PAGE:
Is the so called kTC noise, that is inherent in an RC filter, dependent on bandwidth?

The KTC noise is actually the total RMS noise power at the output of the low pass RC filter. The noise power is the product of the noise power spectral density (PSD) and the bandwidth (more accurately "effective bandwidth") of the system. So, actually the total noise power does depend on the bandwidth.
Interestingly, for the case of RC filter although the resistor is the only noise source present in the system, the total noise power is independent of the resistor value, as seen from the noise power expression, $$v_n^2 = \frac{kT}{C}$$ This is because although increasing the resistor value increases its noise PSD (= 4kTR) but the effective bandwidth (\$\frac{1}{4RC}\$) goes down proportionally. $$v_{n}^2 = 4kTR \cdot \frac{1}{4RC}$$ This can also be understood from the principles of thermodynamics. Since the origin of Johnson noise is due to random motions of electrons inside the resistor, the kinetic theory of gases is applicable for it. And the equipartition theorem says that in thermal equilibrium, energy is shared equally between each state of the system and the shared energy is given by \$E = \frac{1}{2}kT\$.
For the RC system, the only energy state is the energy stored in the capacitor which is given by: $$E = \frac{1}{2}CV^2$$ Equating the two terms gives: $$\frac{1}{2}CV^2 = \frac{1}{2}kT$$ $$\implies V^2 = \frac{kT}{C}$$ This is exactly the noise power derived from circuit equations but is derived much easily from laws of thermodynamics.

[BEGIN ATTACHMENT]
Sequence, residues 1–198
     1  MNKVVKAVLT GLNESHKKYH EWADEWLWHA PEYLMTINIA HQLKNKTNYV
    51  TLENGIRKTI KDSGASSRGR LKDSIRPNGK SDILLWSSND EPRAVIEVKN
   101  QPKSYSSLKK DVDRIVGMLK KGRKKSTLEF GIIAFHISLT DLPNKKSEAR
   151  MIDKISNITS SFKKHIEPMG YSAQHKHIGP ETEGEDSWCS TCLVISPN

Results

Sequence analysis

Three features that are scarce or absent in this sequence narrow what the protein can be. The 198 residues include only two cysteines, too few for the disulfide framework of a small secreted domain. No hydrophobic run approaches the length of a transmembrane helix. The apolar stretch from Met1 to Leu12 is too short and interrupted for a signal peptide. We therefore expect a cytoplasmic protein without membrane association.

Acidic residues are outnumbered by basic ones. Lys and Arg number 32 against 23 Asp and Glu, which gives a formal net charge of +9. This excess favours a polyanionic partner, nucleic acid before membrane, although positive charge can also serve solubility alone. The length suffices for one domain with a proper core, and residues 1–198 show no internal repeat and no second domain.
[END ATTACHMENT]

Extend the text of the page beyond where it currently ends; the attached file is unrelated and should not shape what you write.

the ktC noise formula simply happens when you insert the noise bandwidth of an RC filter, B=1/(4RC), into the formula for voltage square over a resistor. The R cancels out.

So, no, there's correctly no bandwidth in that formula, because the bandwidth is "hidden" in the C.

The wikipedia article on Johnson-Nyquist Noise actually containst this explanation, and a lot more stuff that you might want to know about kTC noise, considering you seem to be coming at this from a non-intuitive, formularistic side. It's usually easier to understand what's happening than to have all the right formulas exactly right :)